An Exploration of How Clinical Psychologist make Sense of the Roles of Religious and Spiritual Beliefs within their Therapeutic Work with Adults who have Experienced Trauma?

Prof Doc Thesis


Harbidge, Philippa Rose 2015. An Exploration of How Clinical Psychologist make Sense of the Roles of Religious and Spiritual Beliefs within their Therapeutic Work with Adults who have Experienced Trauma? Prof Doc Thesis University of East London Psychology
AuthorsHarbidge, Philippa Rose
TypeProf Doc Thesis
Abstract

Background and Aims: Spiritual and religious beliefs and practices hold
a central role within many individuals’ worldviews, how they function
socially and in the expression of distress. Within the profession of clinical
psychology however spirituality and religion have been referred to as a
neglected area. Some psychologists report discomfort in relation to
incorporating spirituality and religion into therapeutic practice. However,
the salience of spirituality and religion to clients who have experienced
trauma is widely reported. The relationship between spirituality, religion
and trauma has been explored, in terms of their role within meaning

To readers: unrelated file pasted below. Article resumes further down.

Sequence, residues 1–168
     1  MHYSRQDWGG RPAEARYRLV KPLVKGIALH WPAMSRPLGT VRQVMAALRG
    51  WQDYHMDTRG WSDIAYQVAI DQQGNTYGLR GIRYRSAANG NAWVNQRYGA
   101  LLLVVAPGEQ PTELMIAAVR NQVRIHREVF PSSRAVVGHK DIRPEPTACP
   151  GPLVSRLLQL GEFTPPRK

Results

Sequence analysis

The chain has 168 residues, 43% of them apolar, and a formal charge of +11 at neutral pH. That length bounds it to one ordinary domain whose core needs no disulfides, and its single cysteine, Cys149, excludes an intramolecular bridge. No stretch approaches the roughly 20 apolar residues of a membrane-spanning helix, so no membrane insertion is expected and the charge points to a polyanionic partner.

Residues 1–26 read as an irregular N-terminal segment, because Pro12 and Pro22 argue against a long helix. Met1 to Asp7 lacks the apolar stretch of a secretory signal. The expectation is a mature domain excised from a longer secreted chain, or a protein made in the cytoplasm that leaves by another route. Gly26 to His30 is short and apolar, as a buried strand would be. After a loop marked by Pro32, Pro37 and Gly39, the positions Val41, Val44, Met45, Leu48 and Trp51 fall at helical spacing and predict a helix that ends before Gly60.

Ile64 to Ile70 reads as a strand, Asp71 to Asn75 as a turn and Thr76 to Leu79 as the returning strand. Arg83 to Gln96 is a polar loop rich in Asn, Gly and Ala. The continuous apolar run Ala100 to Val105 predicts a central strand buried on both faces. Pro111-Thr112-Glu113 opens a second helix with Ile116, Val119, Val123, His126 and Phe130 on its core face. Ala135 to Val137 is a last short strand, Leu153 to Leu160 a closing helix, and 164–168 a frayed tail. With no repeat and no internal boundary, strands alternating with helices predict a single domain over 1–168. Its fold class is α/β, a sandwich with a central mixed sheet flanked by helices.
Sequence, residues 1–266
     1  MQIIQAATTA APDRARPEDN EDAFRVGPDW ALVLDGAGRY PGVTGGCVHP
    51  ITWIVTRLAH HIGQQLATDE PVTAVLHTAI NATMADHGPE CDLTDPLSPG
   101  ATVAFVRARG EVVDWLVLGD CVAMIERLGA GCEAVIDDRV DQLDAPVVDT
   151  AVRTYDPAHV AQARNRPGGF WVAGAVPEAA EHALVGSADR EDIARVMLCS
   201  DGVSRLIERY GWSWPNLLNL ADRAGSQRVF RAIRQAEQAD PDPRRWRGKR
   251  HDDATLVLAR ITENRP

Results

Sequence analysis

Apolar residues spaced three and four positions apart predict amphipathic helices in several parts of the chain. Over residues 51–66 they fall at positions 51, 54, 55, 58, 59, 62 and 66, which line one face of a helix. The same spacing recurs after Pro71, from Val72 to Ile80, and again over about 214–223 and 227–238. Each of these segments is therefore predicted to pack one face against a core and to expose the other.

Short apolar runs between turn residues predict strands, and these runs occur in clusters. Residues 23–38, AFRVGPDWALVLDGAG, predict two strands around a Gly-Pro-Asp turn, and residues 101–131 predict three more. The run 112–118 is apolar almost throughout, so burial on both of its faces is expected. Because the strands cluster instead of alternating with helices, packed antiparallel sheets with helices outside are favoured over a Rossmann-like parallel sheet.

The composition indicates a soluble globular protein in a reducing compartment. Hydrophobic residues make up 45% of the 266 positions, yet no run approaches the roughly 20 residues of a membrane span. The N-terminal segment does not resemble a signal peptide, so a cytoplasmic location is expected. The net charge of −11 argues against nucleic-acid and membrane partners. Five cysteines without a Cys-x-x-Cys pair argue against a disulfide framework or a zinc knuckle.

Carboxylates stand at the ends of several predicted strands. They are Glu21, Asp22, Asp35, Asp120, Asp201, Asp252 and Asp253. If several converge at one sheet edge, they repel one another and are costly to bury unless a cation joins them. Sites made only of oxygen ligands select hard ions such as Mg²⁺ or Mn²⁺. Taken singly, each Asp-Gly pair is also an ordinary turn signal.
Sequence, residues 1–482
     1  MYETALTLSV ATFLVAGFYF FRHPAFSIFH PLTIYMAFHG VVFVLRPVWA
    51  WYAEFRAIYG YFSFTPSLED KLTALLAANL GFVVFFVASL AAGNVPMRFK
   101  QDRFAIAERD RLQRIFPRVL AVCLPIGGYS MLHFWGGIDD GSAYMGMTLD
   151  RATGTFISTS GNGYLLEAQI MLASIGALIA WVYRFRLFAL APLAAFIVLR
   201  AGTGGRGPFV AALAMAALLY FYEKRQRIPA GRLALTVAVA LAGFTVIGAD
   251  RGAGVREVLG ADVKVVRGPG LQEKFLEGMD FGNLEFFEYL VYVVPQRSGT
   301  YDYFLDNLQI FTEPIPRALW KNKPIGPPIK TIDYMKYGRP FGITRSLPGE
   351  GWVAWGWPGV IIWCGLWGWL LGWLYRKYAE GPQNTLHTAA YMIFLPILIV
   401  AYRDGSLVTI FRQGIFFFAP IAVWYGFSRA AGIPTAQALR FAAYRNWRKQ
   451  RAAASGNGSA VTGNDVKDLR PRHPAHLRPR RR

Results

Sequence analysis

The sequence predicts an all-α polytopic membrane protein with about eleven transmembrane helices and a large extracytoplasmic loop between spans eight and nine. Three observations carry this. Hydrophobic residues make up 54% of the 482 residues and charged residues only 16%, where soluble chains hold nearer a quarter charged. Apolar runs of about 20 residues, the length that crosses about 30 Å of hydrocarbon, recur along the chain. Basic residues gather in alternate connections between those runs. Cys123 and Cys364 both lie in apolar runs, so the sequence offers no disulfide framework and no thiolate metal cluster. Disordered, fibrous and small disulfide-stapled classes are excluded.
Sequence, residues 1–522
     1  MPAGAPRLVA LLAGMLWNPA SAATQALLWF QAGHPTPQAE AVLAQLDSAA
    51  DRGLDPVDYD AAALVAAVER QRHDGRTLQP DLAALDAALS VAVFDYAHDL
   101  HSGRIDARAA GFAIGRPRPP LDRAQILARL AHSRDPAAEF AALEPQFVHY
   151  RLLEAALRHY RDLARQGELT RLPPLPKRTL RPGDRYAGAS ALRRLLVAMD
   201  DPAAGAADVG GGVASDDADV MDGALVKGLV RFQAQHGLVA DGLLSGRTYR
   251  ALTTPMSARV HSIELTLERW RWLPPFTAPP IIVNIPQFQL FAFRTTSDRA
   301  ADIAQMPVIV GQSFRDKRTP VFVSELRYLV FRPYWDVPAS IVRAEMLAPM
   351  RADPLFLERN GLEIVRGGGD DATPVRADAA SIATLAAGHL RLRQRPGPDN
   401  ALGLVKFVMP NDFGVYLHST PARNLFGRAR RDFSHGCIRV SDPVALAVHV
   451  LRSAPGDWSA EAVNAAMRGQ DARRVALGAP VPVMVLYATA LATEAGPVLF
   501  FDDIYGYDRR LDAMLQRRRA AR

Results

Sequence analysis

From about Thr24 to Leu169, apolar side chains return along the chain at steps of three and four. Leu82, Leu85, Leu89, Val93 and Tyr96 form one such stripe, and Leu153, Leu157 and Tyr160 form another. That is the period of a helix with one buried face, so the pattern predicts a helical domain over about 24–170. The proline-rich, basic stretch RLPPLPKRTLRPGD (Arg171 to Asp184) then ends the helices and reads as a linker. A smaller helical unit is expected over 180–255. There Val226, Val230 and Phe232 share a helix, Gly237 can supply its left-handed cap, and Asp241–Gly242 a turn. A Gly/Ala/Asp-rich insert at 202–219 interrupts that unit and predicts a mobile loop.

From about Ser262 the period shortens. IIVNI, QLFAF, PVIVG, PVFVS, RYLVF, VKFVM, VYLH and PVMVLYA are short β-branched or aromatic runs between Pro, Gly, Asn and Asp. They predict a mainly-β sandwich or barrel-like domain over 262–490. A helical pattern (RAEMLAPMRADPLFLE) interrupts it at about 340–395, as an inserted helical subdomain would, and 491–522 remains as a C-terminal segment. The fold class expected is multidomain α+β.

making processes, as a resource for coping and also, for some people,
holding the potential for increased distress. This study aimed to explore
how clinical psychologists made sense of the roles of spirituality and
religion within their practice, working with adults who had experienced
trauma.
Method: Semi-structured interviews were carried out with eight clinical
psychologists working within two NHS trusts. Participants held a range of
preferred therapeutic modalities; cognitive, analytic and systemic.
Verbatim interview transcripts were analysed using Thematic Analysis.
Results: Four main themes were generated, ‘Spirituality and religion:
Connectedness and ambivalence’; ‘Influencing frameworks’; ‘Trauma,
spirituality and religion; Important to clients’ and ‘Contradictions in
practice’. A description of these themes and associated sub-themes is
presented.
Conclusions: Participants reported spirituality and religion to be a
difficult topic; Spirituality and religion were acknowledged to hold
significance to clients however contradictions were reported between
therapeutic intentions and therapeutic actions. Consideration was given
to the influence of wider contexts upon actions in practice. Clinical
implications and directions for future research are discussed.

Year2015
Digital Object Identifier (DOI)doi:10.15123/PUB.4548
Publication dates
PrintMay 2015
Publication process dates
Deposited21 Oct 2015
Publisher's version
License
CC BY-NC-ND
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https://repository.uel.ac.uk/item/85633

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